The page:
Metal Tales: Overkill – PS4 Review

Metal Tales: Overkill is a heavy metal themed twin-stick shooter with roguelite elements and it comes to us from Madrid-based coders/publishers Zerouno Games.  As the name suggests, this game puts the music front and centre, placing you (and some offline co-op buddies) as a guitarist looking to reclaim the world from some possessed guitar gods.

Seen from above, you control the action with a standard twin-stick shooting control scheme.  Oddly, the face buttons on the joypad can be used to shoot in the four main directions (eight if you combine them) but you get full 360 degree aiming with the right stick so you don’t need them.  One nice touch is that you can choose to ‘aim to shoot’ from the options menu which is great as it means you don’t have to hold down to shoot.

is mapped to a not very useful ‘powerslide’ which is just a slow dodge move, drops a not very useful bomb and activates guitar string power-ups.  More on that later.  But for the most time you’ll just be running around with the left stick and aiming/shooting with the right which is absolutely fine.

After a quick opening cutscene (animated with English text but voiced over in Spanish), you’ll be in amongst the action.   There are eight levels, each of which features a randomly generated layout of individual rooms (usually less than ten).  In these rooms you’ll find enemies (usually possessed music fans, roadies, other guitarists and weird mutant things), loot, traps and an end of level boss.  So you’ll just be looking to clear these out methodically but if you do see the boss room early on, you can go straight through to that if you want but, as with most roguelikes/lites, you’ll be better served searching the levels to get new gear and earn money that you can spend in shops.

The main action is just your usual run and gun twin-stick fare (like Smash TV but not nearly as hectic) and the boss battles are what you’d expect too with bigger enemies speeding around the screen, shooting lots of firepower at you until you figure out their patterns and dispose of them.  Doing that will unlock a band member who you can summon using the d-pad (with a lengthy cooldown).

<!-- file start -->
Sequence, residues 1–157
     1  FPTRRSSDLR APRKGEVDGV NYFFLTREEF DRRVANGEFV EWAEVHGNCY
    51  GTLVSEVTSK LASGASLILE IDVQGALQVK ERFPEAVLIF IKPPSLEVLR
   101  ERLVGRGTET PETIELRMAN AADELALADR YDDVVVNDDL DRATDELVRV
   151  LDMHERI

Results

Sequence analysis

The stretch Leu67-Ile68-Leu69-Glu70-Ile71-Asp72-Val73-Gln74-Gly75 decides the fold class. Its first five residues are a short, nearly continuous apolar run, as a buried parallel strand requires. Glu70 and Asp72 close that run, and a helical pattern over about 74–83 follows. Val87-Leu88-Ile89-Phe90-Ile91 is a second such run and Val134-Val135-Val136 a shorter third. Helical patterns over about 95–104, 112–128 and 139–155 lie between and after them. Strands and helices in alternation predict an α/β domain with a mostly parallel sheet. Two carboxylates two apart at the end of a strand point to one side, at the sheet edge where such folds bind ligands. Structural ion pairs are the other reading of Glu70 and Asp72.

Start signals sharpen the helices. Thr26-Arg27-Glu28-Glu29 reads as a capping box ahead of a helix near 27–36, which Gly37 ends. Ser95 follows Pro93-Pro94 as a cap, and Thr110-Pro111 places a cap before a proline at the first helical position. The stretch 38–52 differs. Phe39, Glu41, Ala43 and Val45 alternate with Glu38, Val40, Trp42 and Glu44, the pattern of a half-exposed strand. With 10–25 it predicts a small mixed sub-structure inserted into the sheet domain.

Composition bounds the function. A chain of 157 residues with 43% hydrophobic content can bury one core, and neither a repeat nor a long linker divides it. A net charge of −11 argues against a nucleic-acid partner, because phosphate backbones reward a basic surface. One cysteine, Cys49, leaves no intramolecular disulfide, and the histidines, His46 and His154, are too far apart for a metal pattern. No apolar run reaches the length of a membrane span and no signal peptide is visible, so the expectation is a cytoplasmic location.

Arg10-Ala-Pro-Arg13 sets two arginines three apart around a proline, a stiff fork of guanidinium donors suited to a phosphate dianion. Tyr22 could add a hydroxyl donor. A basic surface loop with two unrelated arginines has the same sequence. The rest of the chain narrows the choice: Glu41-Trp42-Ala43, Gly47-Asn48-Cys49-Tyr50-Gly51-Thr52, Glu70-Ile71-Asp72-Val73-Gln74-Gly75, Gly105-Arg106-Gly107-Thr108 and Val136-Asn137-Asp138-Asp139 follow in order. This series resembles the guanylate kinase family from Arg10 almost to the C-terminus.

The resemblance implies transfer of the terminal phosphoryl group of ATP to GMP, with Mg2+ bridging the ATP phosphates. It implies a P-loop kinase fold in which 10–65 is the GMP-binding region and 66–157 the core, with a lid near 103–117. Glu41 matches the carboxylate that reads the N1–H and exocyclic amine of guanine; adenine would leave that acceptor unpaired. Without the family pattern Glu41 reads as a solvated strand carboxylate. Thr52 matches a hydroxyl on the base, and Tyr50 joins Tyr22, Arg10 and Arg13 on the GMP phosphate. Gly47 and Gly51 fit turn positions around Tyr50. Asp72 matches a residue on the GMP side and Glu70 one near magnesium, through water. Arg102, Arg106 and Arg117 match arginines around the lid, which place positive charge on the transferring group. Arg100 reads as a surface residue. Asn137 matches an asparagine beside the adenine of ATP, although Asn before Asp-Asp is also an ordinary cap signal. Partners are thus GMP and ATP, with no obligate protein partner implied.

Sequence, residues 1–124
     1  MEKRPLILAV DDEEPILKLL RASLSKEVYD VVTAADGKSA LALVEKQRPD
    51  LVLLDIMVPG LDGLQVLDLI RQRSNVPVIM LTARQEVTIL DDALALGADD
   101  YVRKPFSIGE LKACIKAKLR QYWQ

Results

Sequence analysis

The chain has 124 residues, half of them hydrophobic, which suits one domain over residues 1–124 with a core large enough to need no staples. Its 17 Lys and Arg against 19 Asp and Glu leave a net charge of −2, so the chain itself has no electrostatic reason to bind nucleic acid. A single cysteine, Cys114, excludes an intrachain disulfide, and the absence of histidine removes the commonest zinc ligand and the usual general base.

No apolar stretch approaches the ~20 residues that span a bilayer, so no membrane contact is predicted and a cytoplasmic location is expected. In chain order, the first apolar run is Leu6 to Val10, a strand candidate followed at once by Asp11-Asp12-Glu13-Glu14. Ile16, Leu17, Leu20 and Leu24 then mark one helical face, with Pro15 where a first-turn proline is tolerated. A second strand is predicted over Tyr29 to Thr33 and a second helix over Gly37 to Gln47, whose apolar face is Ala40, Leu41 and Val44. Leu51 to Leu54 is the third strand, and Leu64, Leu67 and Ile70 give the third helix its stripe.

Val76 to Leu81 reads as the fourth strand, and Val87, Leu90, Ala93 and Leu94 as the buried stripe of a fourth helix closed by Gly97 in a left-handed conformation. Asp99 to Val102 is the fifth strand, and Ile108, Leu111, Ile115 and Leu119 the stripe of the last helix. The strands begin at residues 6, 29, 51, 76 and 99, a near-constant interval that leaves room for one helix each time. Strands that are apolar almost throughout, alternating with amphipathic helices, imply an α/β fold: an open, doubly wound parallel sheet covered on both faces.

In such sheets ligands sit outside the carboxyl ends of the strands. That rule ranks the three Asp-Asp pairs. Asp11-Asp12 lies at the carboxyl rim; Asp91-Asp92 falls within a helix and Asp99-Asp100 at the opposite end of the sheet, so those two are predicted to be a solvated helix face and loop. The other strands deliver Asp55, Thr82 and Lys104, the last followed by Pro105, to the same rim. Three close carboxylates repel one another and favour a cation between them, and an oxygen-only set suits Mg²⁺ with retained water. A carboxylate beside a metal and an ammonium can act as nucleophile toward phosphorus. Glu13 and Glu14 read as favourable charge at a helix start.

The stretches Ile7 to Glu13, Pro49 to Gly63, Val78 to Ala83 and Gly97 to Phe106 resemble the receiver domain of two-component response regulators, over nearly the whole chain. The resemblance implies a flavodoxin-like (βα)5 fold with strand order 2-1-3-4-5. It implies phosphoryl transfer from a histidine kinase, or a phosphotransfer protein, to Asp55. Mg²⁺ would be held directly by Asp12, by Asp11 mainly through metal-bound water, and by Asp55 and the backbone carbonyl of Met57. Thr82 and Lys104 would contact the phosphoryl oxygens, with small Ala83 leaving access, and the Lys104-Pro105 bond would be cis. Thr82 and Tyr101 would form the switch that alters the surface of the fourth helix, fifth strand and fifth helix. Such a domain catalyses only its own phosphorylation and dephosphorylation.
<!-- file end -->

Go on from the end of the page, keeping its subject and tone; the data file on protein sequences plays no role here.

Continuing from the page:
Metal Tales doesn’t do anything new (we’ve even seen metal used as the inspiration for lots of different games in the past also) so what you’re looking for is for it to do the shooty stuff well, give you good upgrades to foster some degree of addictiveness and to hold together well technically and that’s really all of a mixed bag here.  The shooting is okay.  Like we said, it’s not as hectic as a Smash TV but it also lacks the slick dodging of a Nex Machina or Enter the Gungeon either.  Any difficulty just tends to come from a lack of space to maneuver and from enemies taking a bit more damage than perhaps they should.  Of course the latter does get mitigated a bit thanks to power-ups and post-game upgrading.  It’s all okay but it’s not super exciting either (also, a lack of vibration makes you feel a little less connected to the action).

When it comes to the upgrade stuff, things get pretty strange.  You find new guitars along the way and these are essentially your primary weapon.  You’ll also find guitar strings that give you different abilities of which sometimes they’ll give you a different type of damage.  However, a lot of the time we couldn’t really tell the difference once these were equipped.  In fact, the only time we could was when a guitar gave us significantly worse firepower or range.  Otherwise we just weren’t sure.  There are no stat indicators on any of this stuff which makes it very hard to know what to pick up or buy in the in game shop.